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Kinetics of Muscle Damage Biomarkers at Moments Subsequent to a Fight in Brazilian Jiu-Jitsu Practice by Disabled Athletes.

Authors
  • Santos Silva Lopes, Jaqueline1, 2
  • Monteiro de Magalhães Neto, Aníbal1
  • Oliveira Gonçalves, Luís Carlos3
  • Lourenço Alves, Paulo Ricardo4
  • Castilho de Almeida, Aline5
  • Marlise Balbinotti Andrade, Claudia1
  • 1 Medicine Department, Postgraduate Program in Health Sciences (PPGSC), Federal University of Mato Grosso (UFTM), Cuiabá, Brazil. , (Brazil)
  • 2 Department of Physical Therapy, Centro Universitário do Vale do Araguaia (UNIVAR), Barra do Garças, Brazil. , (Brazil)
  • 3 Department of Physical Education, Federal University of the State of Rio de Janeiro (UNIRIO), Rio de Janeiro, Brazil. , (Brazil)
  • 4 Technical School Support Foundation, Visconde de Mauá State Technical School, Rio de Janeiro, Brazil. , (Brazil)
  • 5 Department of Physiotherapy, Federal University of São Carlos (UFSCAR), São Carlos, Brazil. , (Brazil)
Type
Published Article
Journal
Frontiers in Physiology
Publisher
Frontiers Media SA
Publication Date
Jan 01, 2019
Volume
10
Pages
1055–1055
Identifiers
DOI: 10.3389/fphys.2019.01055
PMID: 31507436
Source
Medline
Keywords
Language
English
License
Unknown

Abstract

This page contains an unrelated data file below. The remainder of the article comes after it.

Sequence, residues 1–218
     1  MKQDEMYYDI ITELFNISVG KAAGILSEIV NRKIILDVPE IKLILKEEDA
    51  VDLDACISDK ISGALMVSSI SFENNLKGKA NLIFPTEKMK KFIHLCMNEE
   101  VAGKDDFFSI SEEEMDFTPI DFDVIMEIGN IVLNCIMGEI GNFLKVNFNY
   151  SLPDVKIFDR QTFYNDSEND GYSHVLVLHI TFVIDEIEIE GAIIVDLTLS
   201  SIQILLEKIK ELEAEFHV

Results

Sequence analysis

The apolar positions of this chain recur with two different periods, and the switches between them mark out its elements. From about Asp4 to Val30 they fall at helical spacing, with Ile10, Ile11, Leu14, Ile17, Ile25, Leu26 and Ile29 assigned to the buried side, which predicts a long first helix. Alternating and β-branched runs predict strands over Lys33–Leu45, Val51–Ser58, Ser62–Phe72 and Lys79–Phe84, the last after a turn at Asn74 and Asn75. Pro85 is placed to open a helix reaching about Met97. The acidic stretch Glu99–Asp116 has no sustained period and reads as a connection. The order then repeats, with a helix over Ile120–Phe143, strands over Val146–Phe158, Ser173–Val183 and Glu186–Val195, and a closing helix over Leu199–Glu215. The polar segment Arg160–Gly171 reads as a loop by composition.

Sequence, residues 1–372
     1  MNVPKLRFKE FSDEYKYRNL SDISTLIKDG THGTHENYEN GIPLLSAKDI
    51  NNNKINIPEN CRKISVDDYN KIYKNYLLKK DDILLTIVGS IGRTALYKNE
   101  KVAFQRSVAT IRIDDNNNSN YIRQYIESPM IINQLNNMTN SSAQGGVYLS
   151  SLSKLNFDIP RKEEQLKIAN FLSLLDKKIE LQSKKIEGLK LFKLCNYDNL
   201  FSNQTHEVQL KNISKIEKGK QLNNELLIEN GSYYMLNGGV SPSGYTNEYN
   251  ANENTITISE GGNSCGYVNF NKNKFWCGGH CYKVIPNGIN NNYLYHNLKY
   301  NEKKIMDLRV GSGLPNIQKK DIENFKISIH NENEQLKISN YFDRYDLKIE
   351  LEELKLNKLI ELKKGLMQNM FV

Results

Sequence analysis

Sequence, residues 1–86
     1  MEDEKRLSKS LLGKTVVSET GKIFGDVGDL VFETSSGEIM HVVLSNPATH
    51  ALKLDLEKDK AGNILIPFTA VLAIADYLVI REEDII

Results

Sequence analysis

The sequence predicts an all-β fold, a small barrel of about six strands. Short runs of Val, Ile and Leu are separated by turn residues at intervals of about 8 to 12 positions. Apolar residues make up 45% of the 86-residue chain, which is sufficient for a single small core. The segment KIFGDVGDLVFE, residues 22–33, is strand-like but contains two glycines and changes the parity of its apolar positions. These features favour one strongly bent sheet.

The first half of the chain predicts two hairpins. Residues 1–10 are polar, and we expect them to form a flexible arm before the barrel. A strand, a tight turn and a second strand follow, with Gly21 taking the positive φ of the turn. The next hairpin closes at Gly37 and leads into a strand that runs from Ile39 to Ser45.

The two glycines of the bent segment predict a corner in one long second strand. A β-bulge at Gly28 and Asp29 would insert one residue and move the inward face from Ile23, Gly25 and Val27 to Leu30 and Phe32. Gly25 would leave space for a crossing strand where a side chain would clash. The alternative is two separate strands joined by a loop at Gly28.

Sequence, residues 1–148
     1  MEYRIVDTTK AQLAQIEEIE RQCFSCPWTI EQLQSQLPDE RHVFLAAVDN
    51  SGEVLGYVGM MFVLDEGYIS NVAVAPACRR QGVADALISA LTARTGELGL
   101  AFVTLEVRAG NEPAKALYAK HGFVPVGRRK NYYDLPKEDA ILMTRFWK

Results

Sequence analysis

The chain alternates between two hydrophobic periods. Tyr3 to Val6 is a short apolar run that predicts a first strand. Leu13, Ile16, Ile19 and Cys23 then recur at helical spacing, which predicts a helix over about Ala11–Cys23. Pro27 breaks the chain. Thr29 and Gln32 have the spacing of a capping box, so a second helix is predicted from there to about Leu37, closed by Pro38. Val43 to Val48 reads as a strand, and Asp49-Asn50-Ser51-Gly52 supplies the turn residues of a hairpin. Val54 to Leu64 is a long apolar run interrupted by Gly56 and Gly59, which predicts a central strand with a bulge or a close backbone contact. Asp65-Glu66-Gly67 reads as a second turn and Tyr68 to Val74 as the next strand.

Purpose: Evidence indicates that muscle injury caused by exercise can lead to functional, biochemical, and clinical damage. These outcomes encompass an intrinsic potential to understand the real magnitude of interpretation of classic signs in sport environments and to monitor athletes, contributing to specific actions. However, little or no research has explored the general behavior of the variables presented in response to paradesportivo Brazilian jiu-jitsu. The objective of this study was to investigate the physiological behavior through clinical, functional, and metabolic outcomes in the moments following a simulated fight. Methods: Six disabled athletes, male Brazilian jiu-jitsu practitioners (34-44 years old), were included. The participants had their outcomes analyzed individually and the variables studied were correlated. It is noteworthy that participants I and II are professional athletes with world titles. The ethics committee involving human beings of the Federal University of Mato Grosso (register no. 2.997.241) accepted the study. The participants attended the collection site four times, with a 24-h interval between sessions, characterizing the following moments: pre-exertion, and post-exertion, 24, 48, and 72 h after the simulated fight. Data collected were muscle pain, perception of recovery, muscle strength, and blood samples for creatine kinase (CK) and lactate dehydrogenase (LDH) analysis. The variables described were measured at all collection moments. The data were presented in individual raw values of each participant, with Spearman correlation analysis to verify the relationship between variables and moments. Results: The outcomes demonstrated that the CK and LDH activity was higher of high-performance parathletes (I and II) and the reported muscle pain was lower. The fight did not influence maximal isometric strength levels in either participant. In addition, regarding delayed effects, the participants reported peak pain, CK, LDH, and decreased perception of recovery within 24 h. However, it was found that, at 72 h, all values had recovered, close to baseline levels. Conclusion: The presented outcomes provide parameters and suggest a safe scenario based on the intensity and volume commonly adopted in this sports parade modality where the level of effort recommended during combat does not seem to cause deleterious damage.

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